Digital signals are made up from 1’s and 0’s that is Binary code, so each one of those steps in Fig.3. is made up from a series of these 1’s and 0’s. This Binary code is the language of computers and so this allows the digital sound or data to be stored and manipulated by a computer. Digital sound can be recorded onto a computers hard disk, flash drive (USB Key), CD and DVD disk. As the digital sound is made up of 1’s and 0’s it is also possible to reduce the size of the data (or Digital sound file) by removing excess 1’s and 0’s for example the Mp3 format. The computer will remember to add these back in when the sound needs to be reproduced as will other sound reproducing equipment for example an iPod as it will recognise that the file is in an Mp3 format and so it will know to add those 1’s and 0’s back in during playback.

Fig.5. Copy degradation experienced when copying from a copy of a copy

Fig.5. Copy degradation experienced when copying from a copy of a copy

Fig.5. Copy degradation experienced when copying from a copy of a copy etc. Car on the left is a copy and you can see the pixilation of the image compared with the image of the car on the right. One of the key differences between Analogue and Digital recording is unlike Analogue recordings it does not matter how many times you record a digital sound file it remains at the same quality. Whereas an Analogue sound file loses it’s quality (Fidelity) the more times that it is copied

that is a master file when copied becomes a 2nd generation copy a copy from this becomes a 3rd generation and so on. This occurs in the same way that when the copy of a document is not quite as good as the original and a copy taken from this copy is even less perfect. This is best viewed by images in Fig.5. which is of two images of the same car, the one on the right is the original and the image on the left is a copy of a copy of a copy as you can see the final copy is very unclear and this represents the degradation in sound quality (loss of Fidelity) which you can expect when copying analogue sound files. For this reason for example, a music producer will have a master copy and it is from this that copies are made so that the copies are at worst 2nd generation copies.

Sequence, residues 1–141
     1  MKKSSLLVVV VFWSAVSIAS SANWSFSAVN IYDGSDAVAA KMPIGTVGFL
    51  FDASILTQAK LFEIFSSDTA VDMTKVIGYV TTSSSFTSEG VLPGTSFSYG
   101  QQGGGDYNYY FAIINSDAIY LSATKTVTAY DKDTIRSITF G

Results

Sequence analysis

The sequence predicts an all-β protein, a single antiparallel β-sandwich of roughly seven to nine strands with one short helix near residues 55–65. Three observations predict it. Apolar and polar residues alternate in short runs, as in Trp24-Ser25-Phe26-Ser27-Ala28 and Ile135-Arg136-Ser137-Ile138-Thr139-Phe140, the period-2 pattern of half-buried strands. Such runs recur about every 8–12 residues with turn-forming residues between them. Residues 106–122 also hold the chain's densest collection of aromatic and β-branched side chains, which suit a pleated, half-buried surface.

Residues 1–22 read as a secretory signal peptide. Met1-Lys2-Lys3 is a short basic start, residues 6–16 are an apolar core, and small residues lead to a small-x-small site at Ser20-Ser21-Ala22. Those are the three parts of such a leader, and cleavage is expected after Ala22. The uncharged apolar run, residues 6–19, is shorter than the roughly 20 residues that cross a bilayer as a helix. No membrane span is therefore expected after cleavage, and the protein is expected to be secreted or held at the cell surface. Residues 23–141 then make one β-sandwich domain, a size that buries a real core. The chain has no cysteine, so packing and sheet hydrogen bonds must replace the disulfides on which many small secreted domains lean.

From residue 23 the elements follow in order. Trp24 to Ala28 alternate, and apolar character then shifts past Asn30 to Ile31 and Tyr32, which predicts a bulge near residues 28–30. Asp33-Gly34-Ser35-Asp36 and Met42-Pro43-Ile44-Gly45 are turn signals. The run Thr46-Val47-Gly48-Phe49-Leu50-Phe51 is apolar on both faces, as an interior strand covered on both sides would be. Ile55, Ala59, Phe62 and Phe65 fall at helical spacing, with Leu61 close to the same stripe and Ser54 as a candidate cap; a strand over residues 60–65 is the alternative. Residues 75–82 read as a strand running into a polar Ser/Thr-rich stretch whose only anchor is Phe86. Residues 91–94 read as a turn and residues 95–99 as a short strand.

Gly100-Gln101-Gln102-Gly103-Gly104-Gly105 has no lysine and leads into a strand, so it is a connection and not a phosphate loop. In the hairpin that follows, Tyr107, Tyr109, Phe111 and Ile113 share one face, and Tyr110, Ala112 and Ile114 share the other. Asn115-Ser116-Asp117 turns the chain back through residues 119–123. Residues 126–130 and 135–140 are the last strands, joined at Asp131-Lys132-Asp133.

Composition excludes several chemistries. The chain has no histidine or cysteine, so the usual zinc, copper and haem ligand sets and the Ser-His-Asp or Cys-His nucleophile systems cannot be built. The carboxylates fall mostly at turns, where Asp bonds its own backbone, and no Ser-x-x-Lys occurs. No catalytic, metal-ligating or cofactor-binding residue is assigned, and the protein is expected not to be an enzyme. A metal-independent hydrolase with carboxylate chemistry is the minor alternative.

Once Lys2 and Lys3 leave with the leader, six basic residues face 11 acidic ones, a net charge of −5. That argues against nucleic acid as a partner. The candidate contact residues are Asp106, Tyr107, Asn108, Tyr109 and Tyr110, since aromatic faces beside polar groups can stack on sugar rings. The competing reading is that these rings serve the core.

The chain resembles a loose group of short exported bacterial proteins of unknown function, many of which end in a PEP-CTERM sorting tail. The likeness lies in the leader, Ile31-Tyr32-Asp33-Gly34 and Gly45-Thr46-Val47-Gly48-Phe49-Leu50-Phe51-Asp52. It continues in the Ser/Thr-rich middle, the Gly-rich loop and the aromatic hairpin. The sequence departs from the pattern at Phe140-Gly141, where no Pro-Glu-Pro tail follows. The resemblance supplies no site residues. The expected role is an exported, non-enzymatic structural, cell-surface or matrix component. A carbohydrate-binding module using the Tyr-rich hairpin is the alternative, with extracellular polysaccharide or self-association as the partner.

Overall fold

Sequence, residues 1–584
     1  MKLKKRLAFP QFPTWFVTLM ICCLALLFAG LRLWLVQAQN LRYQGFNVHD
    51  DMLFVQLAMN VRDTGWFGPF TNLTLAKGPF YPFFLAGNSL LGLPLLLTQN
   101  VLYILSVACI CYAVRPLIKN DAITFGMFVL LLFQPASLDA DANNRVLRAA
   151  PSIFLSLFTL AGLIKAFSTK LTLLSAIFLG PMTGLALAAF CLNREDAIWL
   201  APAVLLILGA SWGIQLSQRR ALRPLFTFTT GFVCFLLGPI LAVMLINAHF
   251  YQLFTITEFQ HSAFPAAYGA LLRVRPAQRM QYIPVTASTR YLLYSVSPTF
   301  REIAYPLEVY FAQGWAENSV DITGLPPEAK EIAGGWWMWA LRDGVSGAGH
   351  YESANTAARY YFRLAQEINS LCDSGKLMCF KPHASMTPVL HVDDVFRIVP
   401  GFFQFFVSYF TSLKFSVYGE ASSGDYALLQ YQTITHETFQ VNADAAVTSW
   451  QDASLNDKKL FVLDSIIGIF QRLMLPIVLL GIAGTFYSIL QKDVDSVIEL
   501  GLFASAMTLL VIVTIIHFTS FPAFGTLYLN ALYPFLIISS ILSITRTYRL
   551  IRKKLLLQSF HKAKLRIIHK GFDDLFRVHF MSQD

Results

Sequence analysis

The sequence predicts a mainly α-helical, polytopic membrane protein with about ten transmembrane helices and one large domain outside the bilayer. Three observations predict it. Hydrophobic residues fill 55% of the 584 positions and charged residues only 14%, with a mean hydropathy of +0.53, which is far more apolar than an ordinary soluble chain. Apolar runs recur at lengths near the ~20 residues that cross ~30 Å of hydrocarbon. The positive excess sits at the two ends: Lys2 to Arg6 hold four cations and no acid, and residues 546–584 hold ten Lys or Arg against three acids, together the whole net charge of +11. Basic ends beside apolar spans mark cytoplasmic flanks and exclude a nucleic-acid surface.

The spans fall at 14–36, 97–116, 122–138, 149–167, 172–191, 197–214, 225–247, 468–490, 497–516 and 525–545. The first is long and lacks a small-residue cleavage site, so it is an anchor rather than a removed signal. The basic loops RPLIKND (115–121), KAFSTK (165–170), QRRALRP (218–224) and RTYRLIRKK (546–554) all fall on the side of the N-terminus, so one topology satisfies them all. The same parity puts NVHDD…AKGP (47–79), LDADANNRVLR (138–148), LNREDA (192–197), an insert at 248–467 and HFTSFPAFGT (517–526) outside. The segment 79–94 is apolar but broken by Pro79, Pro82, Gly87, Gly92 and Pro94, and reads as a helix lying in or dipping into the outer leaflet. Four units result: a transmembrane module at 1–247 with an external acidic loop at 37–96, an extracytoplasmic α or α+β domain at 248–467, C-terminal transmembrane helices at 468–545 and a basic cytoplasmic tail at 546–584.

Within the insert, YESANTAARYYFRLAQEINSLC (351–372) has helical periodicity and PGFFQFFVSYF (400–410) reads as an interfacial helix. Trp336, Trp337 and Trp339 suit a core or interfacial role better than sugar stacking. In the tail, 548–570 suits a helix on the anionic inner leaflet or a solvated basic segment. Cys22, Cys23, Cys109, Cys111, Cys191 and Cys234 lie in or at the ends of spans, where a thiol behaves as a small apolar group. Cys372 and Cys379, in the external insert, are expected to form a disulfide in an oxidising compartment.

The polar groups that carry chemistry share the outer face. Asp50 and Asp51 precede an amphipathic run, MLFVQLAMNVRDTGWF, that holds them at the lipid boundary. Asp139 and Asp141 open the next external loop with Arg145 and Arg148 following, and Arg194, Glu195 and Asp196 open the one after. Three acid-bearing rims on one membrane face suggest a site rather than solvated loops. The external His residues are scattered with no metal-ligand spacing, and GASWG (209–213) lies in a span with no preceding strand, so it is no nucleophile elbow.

3.0 Programmes and Equipment used to sampling & re-sampling


Fig.6. Audacity 1.3.11-beta Sound sampling and editing software application Audacity

Fig.6. Audacity 1.3.11-beta Sound sampling and editing software application Audacity

Fig.6. Audacity 1.3.11-beta Sound sampling and editing software application Audacity is a free open source application that can sample and re-sample digital sound and to facilitate the editing of sound files and even offers several effects including Echo, pitch and tempo changes etc. Coming back to its main features Audacity can let you in a non-destructive way edit digital sound tracks, cutting and pasting sections, adding new tracks with other digital sound files to enable mixing etc.

It is also possible to re-sample sound files by selecting the track to resample and then from the Track menu select resample and this will pop up another menu box where you are able to select a different sampling rate from 8000 to 96,000. Another option is to be able to export a sound file in different formats including .WAV (uncompressed 16 bit) and Mp3 (Compressed).

Audacity can do more than just re-sample sound it is also possible to carry out non-destructive editing which means unlike editing of old where say a tape was cut and new sections of tape added or removed in a process known as splicing. In non-destructive editing a section of the sound waveform can be cut and pasted from and into tracks. Alternatively tracks from another music file can be imported and ether inserted into the original track or added as another track and therefore effectively mixed with the original tracks.

Pro Tools

A more professional application called Pro Tools does very similar things to Audacity but takes it several stages further also to having it’s own Analogue to Digital convertor, superior in quality to a Mac or PC’s own internal hardware called an M-Box. Pro Tools is an industry standard sound editing application used by TV, Film and music production companies to create and edit professional quality sound and music.

Fig.7. Pro Tools screenshot

Fig.7. Pro Tools screenshot

Fig.7. Pro Tools screenshot, courtesy of Accessed 22/03/10/2010

There are many other sound editing and re-sampling programs many of which are free to use or open source which include:-

  • Adobe Audition
  • iTunes
  • Goldwave
  • Microsoft Media Player
  • Sony Soundforge 9.0
  • WavePad